A missing step in a protocol designed to help employees. How can we protect our own people from situations like this? We need to take it back to the benefits. We need to look at how employees respond to us as an organization. In a recent Conner Chat webinar, Ben Conner talks about mission-driven benefits, which can help us be more efficient with our insurance benefits. 

By considering our employees individually in our benefits strategy we can create a better deliverable for our schools and allow our staff to feel a part of our culture and by doing so we can unlock revenues that we can put back into the business, to take care of our people.

We can also open the doors of communication to allow our staff to feel comfortable telling us when something is affecting them on a personal level.

Support your company culture

Simon Biles felt comfortable making a tremendous decision at this year’s summer games perhaps because she knew she had the support of her coach and team behind her. By taking care of her mental health and by giving her the tools she needs to repair, her team becomes stronger.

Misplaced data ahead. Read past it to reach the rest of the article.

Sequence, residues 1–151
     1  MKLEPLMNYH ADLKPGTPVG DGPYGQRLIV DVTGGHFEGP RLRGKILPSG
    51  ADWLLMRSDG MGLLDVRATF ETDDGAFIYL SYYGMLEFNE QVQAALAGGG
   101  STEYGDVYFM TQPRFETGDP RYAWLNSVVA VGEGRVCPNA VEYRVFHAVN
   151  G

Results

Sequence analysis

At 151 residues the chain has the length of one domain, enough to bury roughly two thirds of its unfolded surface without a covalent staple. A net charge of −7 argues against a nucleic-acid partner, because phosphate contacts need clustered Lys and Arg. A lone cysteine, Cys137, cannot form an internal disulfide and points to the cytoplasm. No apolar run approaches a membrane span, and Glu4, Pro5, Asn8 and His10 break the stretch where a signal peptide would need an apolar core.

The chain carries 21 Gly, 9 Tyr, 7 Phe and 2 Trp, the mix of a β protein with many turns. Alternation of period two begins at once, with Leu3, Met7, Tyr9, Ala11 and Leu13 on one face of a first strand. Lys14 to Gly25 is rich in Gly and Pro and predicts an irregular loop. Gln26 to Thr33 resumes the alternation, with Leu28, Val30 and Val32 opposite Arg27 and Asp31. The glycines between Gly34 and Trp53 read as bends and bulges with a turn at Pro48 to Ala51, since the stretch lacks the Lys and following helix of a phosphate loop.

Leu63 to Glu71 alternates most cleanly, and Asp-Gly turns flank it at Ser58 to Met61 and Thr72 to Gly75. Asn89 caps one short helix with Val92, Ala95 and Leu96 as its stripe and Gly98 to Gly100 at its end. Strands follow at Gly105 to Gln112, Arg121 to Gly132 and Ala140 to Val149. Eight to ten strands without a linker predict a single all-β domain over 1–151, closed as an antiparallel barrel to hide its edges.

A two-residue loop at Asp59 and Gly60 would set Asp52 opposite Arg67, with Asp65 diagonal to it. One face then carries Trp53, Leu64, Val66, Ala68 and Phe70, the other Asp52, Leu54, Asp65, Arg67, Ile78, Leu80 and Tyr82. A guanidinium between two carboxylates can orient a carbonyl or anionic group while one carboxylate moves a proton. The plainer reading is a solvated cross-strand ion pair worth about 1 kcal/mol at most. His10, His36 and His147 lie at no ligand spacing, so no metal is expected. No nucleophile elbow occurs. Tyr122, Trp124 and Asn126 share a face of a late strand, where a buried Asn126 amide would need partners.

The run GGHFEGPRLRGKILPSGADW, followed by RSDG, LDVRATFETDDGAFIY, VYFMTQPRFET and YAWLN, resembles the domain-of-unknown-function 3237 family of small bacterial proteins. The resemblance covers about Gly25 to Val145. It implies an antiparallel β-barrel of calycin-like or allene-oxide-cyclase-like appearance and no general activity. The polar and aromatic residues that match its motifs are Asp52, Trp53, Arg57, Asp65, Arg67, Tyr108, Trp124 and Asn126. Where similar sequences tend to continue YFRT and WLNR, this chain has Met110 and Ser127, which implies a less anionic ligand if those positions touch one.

We cannot neglect the importance of mental health recognition within our schools. By listening to what they need and adjusting our benefits program accordingly we can support our people and grow a stronger team. This is especially important heading into the post-pandemic workforce.


Save Your People from the Complexity of Medicare

Understanding Medicare is difficult for many staff members within your school board. In fact, for some employees reaching sixty five, the challenges that Medicare enrollment presents may cause them to avoid the program even when they qualify. 

When employees avoid enrollment into Medicare, they could miss deadlines, choose the wrong plan or delay enrollment, which can cost teachers and staff considerably, due to penalties and late fees. 

When considering the federal health care program, there are some unique aspects that teachers need to take into account such as additional investments, 403b plans, pension and social security, all of which can further complicate Medicare and the retirement process. 

Proactive education.